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Iconic NZ farm sets world on fire before selling to a local

By Emma Wilson

ONE of the most beautiful farms in the world, Arcadia, in the heart of Middle Earth near Queenstown, New Zealand, has just been sold for a multi-million dollar sum on the eve of the NZ lockdown, after more than 80 years in the same family.

Ray White Queenstown’s owner and selling principal Bas Smith says the iconic 257 hectare farm and film location attracted interest from “super high net worth” individuals across the globe including several US & European billionaire’s and large corporate entities before eventually selling  to a New Zealand businessman who plans to farm it organically and fully renovate the homestead to its former glory.

Arcadia actually helped put Queenstown on the map as a tourist mecca long ago  as it was the place wealthy travellers came to stay and relax back in the early 1900s. The name literally means Paradise, it has a 1.4km  border to Diamond Lake the rest to  Mount Aspiring National Park, ” Mr Smith said from the isolation of his home in Queenstown.

The property has been farmed for over 80 years by the Veint family. Jim Veint bought the property off his father, Lloyd in 1960.

“He has lived there his entire life, that’s why he is still so young and vibrant. At 83 he is as fit as a fiddle, still working the farm,  opening all the gates and tending to his stock but he recently accepted that it was time to sell and chose Ray White Queenstown to find the best deal,” Mr Smith said.

This incredibly scenic property near Glenorchy is famous as a setting for 100s of TV commercials and films like The Lord of the Rings, Prince Caspian, The X Men and The Hobbit just to name a few.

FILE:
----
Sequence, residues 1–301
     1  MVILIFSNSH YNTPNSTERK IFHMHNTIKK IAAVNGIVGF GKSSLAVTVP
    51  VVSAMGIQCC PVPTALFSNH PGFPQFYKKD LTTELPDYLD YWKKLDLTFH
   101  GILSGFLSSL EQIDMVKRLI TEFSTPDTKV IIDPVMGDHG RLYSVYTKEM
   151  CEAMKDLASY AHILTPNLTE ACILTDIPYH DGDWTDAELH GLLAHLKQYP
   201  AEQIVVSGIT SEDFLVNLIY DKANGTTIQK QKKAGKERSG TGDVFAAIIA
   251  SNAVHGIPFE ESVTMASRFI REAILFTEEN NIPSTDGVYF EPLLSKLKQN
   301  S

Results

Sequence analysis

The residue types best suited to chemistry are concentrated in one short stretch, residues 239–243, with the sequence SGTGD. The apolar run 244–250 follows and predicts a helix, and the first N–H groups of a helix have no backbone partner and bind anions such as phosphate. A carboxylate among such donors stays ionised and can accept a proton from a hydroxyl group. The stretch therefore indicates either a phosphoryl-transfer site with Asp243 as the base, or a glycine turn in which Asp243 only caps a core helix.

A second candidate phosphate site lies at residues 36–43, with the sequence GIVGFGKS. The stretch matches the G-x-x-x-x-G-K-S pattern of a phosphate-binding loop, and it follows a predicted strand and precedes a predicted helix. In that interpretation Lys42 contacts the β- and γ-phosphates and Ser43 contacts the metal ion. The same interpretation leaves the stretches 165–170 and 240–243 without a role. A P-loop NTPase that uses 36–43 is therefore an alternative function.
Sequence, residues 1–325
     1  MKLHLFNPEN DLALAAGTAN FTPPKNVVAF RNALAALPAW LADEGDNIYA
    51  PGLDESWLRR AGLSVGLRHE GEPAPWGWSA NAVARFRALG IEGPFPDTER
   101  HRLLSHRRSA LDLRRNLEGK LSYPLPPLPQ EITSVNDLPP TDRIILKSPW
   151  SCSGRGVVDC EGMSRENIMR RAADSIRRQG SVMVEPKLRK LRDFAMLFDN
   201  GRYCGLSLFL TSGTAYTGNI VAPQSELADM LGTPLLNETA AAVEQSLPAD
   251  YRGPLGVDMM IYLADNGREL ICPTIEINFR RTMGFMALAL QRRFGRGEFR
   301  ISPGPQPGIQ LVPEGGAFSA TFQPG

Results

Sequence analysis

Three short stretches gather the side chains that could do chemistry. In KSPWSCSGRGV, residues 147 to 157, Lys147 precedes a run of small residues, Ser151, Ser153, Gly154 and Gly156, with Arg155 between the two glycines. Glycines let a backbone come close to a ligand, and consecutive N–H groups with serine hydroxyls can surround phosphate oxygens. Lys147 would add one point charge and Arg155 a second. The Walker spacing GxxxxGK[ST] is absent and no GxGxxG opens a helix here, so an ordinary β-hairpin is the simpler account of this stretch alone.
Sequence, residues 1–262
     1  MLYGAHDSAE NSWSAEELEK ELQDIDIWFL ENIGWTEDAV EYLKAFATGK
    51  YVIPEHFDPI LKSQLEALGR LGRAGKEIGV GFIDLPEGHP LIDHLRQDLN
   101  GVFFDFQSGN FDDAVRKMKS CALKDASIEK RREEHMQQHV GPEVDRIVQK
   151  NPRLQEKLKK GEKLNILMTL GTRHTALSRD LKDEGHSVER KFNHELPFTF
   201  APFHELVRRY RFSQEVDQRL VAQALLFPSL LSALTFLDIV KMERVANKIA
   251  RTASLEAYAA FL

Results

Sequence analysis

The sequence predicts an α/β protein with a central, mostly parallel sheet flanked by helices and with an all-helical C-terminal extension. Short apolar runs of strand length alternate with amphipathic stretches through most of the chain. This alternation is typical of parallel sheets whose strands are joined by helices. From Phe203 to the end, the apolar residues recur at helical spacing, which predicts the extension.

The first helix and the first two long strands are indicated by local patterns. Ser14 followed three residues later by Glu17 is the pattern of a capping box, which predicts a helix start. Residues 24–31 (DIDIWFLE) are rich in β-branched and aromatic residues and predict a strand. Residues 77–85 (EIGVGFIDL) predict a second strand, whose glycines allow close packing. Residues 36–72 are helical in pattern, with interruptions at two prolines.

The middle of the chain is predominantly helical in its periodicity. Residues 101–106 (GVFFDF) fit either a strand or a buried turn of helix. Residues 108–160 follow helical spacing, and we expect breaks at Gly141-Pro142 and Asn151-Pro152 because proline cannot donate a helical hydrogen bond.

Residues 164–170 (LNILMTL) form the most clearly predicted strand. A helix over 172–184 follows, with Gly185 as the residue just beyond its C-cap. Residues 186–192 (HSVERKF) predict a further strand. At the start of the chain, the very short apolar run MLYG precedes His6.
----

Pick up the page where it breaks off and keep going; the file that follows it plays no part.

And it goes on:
“We ended up doing the deal over 48 hours  on the eve of the lockdown. Jim is very happy with the result in the knowledge the property has been presented to the world over the  summer which gave him comfort that he was dealing with the best buyer in the market.”

The property was being marketed with a price guide from $15 million to $20 million which reflected the iconic status of the block and the potential for foreign buyers who were prepared to go about achieving overseas investment approval to purchase.

In the end it was a Queenstown businessman  and farmer, one of the first people to view the property who was the successful purchaser.

“He is a collector of iconic NZ properties,” Mr Smith said.

Mr Veint has five grown children but he had always made it clear that it was better for him to sell rather than choose one of the kids to take it over plus the  value price tag these days makes it difficult to provide family continuity.

Mr Veint has been invited by the new owner to stay around and advise on the new management plan alongside the renovation of the historic 114 year old homestead.

His old dog Boe can stay and live out his days in the sun.

On closing Mr Smith presented Mr Veint with four very competitive offers and the property is now sold unconditionally with settlement later this year.

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